Yesterday we wrote about how Washington's last-minute deal to raise the debt ceiling and cut spending had failed to settle the stock market, which tanked on more signs of a sluggish economic recovery. Today we're hearing from another disgruntled constituency: China. Within hours of Moody's and Fitch--two of the "big three" Western credit rating agencies--announcing that they would maintain America's AAA credit rating, one of China's major private credit rating agencies downgraded its U.S. credit rating from A+ to A--a level, Reuters points out, that puts the U.S. on par with Spain and Estonia. "The squabbling between the two political parties on raising the U.S. debt ceiling reflected an irreversible trend on the United States' declining ability to repay its debts," Dagong Chairman Guan Jianzhong told CNN.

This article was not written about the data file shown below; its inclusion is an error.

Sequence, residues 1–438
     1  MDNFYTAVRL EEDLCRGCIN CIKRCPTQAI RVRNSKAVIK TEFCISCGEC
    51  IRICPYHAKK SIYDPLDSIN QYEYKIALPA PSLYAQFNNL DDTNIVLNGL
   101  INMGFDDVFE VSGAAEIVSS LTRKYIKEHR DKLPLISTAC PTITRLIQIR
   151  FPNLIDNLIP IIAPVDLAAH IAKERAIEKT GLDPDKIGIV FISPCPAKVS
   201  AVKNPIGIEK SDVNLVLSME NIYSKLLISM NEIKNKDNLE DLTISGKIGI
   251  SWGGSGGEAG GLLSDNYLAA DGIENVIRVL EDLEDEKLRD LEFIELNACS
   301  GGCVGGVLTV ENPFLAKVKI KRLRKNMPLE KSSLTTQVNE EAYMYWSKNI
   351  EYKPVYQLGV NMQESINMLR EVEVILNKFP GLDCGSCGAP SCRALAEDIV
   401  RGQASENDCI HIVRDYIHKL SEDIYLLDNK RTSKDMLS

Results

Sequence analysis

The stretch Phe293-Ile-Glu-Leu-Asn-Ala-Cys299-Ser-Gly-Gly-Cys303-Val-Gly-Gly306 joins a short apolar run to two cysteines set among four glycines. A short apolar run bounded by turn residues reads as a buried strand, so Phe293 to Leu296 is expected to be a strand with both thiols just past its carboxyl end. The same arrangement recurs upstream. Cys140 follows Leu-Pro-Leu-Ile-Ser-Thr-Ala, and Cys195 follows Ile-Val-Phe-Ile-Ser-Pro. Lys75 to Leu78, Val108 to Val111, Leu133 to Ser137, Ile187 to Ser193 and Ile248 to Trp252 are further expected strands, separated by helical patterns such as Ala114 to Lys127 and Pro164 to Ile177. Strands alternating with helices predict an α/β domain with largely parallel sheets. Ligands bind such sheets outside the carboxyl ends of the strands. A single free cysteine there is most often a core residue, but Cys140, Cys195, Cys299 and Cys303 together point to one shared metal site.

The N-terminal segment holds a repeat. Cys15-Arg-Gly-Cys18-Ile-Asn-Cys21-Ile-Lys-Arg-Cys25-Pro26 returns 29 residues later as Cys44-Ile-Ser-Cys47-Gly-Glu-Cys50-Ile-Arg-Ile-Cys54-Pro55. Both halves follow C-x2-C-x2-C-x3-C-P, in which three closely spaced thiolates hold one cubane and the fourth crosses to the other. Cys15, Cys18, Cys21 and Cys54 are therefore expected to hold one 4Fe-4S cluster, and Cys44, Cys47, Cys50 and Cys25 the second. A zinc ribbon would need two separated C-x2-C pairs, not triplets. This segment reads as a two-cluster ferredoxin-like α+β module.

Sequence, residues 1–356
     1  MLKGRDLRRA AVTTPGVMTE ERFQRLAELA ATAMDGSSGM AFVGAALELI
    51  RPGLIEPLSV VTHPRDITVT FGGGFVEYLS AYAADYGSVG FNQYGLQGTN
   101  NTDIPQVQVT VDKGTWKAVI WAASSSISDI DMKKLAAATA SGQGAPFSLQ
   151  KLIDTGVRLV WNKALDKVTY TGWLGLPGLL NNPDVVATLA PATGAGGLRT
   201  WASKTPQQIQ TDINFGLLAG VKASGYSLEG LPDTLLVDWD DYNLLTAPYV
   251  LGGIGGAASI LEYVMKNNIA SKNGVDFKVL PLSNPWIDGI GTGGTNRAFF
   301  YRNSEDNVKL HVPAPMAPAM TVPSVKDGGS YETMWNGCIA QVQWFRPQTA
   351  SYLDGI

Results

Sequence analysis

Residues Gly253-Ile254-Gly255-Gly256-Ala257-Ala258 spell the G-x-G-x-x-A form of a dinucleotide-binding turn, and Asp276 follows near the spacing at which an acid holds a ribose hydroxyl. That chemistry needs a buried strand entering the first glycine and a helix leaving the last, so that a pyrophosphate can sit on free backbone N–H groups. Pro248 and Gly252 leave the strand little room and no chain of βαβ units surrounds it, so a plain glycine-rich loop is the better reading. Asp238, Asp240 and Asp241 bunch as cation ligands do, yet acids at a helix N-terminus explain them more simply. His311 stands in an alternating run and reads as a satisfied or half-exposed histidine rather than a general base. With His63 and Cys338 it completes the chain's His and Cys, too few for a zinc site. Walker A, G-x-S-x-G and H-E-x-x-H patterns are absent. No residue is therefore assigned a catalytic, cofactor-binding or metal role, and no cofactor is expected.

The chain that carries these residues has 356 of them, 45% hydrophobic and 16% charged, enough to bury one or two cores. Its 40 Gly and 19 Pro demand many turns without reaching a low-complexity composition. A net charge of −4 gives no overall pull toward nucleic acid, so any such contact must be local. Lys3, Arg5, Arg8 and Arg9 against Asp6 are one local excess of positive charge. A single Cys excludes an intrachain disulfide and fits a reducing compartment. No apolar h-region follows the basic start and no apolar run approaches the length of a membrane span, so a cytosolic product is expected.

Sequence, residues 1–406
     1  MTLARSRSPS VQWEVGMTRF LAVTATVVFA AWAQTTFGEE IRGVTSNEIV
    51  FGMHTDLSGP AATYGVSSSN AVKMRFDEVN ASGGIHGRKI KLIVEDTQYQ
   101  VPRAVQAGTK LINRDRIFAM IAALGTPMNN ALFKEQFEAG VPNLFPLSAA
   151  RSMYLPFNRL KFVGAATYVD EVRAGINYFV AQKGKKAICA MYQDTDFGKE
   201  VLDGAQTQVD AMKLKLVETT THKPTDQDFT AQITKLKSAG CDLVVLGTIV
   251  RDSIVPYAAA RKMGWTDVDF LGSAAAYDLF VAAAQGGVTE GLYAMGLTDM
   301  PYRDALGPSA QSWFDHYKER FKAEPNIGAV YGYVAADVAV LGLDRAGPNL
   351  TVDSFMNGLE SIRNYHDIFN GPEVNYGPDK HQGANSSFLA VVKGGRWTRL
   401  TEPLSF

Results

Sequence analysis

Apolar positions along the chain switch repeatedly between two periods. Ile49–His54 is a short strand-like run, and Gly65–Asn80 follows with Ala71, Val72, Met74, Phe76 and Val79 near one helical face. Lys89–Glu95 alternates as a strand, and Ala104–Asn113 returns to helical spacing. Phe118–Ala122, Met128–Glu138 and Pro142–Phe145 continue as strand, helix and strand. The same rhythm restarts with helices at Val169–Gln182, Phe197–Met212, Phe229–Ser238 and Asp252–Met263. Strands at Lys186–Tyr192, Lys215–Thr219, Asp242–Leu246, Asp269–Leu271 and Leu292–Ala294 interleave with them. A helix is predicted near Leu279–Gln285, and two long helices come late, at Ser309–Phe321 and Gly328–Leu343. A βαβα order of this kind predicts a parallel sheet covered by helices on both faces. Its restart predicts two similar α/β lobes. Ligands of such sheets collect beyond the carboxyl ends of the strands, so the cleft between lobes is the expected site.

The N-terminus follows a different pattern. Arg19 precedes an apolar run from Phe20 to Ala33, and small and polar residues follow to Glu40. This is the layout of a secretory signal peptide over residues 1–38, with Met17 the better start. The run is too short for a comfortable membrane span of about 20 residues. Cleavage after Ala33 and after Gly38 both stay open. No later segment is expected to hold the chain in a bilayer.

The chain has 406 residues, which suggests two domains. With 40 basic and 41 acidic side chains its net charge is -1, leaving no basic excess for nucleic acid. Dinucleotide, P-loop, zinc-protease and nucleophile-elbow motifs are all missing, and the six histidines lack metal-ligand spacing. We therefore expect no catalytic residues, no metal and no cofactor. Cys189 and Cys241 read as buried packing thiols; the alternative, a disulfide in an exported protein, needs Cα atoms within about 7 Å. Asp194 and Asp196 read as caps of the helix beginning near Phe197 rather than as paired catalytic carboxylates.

China's state-run media is issuing even sharper critiques. In an editorial for the state-run news agency Xinhua today, Deng Yushan--who condemned U.S. politicians last week for playing a "game of chicken" as the global economy hung in the balance--once again criticized Washington's "madcap farce of brinkmanship" and "blind eye to its runaway debt addiction." The deal, he continued, "failed to defuse Washington's debt bomb for good, only delaying an immediate detonation by making the fuse an inch longer." A Global Times editorial similarly observed that "raising the debt ceiling simply means the U.S. can now borrow itself into further debt." In the People's Daily overseas edition, a Chinese researcher urged China to stop investing its foreign exchange reserves in volatile dollar assets, deeming the raising of the U.S. debt ceiling "a double-edged sword for China."